North Dakota Reduces Natural Gas Flaring
North Dakota has taken the initiative to reduce the amount of natural gas the state is flaring each year.
Due to the increase in oil production North Dakota has recently seen, there is an increased volume of associated gas that is burned into the atmosphere which has the potential to negatively contribute to global warning. In an effort to avoid being a factor to global warming and to decrease how much natural gas is flared, the North Dakota Industrial Commission (NDIC) has established targets to be reached over the course of the next several years.
What is flaring?
Flaring involves the burning of the natural gas that is associated with the process of oil extraction from the Earth. While it makes sense that this gas associated with the drilled oil would be sold to consumers or used as an energy source, however, doing so would require additional money and resources to build, gather and transport the natural gas instead of burning it. So to avoid these extra expenses and to increase profits, most oil companies choose to flare the oil instead of taking the time to responsibly repurpose it.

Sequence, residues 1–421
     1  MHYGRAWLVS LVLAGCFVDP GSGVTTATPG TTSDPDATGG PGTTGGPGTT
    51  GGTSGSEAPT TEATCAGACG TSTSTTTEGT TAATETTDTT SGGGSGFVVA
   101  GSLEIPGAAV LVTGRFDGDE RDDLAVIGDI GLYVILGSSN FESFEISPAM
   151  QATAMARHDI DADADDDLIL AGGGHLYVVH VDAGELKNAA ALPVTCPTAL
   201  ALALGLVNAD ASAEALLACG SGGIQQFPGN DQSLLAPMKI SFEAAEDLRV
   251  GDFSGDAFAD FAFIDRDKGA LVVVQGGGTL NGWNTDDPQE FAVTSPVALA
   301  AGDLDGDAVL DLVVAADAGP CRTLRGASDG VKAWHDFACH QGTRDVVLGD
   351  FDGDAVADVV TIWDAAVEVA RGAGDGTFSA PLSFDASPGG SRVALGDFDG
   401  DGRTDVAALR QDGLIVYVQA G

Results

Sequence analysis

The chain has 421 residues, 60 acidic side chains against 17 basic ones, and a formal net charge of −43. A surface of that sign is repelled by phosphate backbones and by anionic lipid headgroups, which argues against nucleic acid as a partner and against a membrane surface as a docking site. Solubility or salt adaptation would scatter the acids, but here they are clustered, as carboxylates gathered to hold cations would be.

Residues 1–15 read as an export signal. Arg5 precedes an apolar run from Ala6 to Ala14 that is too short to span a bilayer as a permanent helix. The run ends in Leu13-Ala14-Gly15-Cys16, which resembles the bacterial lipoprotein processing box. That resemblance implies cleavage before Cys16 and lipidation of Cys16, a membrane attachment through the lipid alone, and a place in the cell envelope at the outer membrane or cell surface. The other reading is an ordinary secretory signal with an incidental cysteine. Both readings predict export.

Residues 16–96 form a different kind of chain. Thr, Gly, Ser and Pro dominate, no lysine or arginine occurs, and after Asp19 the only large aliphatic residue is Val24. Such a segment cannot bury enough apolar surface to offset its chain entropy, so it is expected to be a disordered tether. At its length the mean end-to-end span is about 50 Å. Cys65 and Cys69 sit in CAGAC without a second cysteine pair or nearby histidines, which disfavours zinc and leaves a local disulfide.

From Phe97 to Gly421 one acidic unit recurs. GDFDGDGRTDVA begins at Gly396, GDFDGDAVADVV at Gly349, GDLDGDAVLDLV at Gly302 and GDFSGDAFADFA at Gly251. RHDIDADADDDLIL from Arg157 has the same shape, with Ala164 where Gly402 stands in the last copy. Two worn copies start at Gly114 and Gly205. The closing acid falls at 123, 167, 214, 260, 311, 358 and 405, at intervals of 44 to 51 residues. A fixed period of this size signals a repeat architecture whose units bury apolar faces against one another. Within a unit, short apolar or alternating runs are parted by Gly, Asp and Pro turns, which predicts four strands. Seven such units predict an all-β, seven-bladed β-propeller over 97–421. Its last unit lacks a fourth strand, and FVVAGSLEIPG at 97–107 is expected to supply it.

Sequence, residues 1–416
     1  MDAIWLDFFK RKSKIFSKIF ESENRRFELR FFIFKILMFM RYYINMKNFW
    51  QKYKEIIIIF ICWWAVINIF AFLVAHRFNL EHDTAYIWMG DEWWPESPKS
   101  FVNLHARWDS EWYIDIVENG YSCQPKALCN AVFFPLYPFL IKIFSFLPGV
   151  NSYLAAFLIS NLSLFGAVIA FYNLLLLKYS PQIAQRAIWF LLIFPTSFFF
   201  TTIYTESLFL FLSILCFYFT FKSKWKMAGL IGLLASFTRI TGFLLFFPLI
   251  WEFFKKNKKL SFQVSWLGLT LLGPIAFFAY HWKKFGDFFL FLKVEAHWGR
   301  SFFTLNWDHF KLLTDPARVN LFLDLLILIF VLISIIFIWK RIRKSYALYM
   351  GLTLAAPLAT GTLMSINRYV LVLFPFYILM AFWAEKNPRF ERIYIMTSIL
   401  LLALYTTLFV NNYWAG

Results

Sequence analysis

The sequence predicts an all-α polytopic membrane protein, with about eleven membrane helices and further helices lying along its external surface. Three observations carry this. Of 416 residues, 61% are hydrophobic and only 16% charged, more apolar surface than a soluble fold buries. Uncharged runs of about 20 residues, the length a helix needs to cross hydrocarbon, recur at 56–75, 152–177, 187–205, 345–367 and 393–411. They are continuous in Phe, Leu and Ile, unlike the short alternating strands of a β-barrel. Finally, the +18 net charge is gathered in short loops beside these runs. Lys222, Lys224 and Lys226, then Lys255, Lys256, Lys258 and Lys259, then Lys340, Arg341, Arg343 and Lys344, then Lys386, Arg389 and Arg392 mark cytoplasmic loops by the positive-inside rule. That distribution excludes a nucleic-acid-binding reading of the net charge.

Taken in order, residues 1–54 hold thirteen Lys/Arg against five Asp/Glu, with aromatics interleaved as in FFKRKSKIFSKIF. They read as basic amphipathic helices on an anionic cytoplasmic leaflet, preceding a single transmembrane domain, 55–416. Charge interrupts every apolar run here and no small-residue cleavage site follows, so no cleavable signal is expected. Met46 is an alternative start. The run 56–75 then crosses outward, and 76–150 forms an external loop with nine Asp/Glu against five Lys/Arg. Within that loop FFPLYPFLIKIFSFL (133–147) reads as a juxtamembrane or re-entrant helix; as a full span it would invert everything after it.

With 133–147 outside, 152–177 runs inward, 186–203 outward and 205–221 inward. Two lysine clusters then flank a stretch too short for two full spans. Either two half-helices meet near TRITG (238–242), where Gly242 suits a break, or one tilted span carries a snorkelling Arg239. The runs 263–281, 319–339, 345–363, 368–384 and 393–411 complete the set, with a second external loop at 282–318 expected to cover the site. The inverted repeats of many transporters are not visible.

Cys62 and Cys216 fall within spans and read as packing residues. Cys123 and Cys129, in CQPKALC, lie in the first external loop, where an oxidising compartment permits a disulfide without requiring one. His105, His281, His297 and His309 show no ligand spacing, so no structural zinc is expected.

What is being done to reduce flaring?
The NDIC is hoping to make a positive impact on the amount of gas flared by setting up ideal goals for reduction. The first target that was to be reached by Q4 2014 was a 26% decrease in flared natural gas. This practice will continue to decrease over the next five years, and by 2020 only 10% of the total natural gas in North Dakota is expected to be flared. As opposed to being flared, the gas will be sold or used at the site of production.
The NDIC is taking serious measures when it comes to decreasing the amount of natural gas flared and the impact it could be having on the Earth’s atmosphere. Those measures will include decreasing the production at the Bakken and Three Forks formations – North Dakota’s largest areas that produce oil – if necessary. Challenges are continuously met when dealing with alternatives to flaring, which include problems securing permission for landowners for connecting infrastructure to transport the gas, but the NDIC is working diligently to address these issues.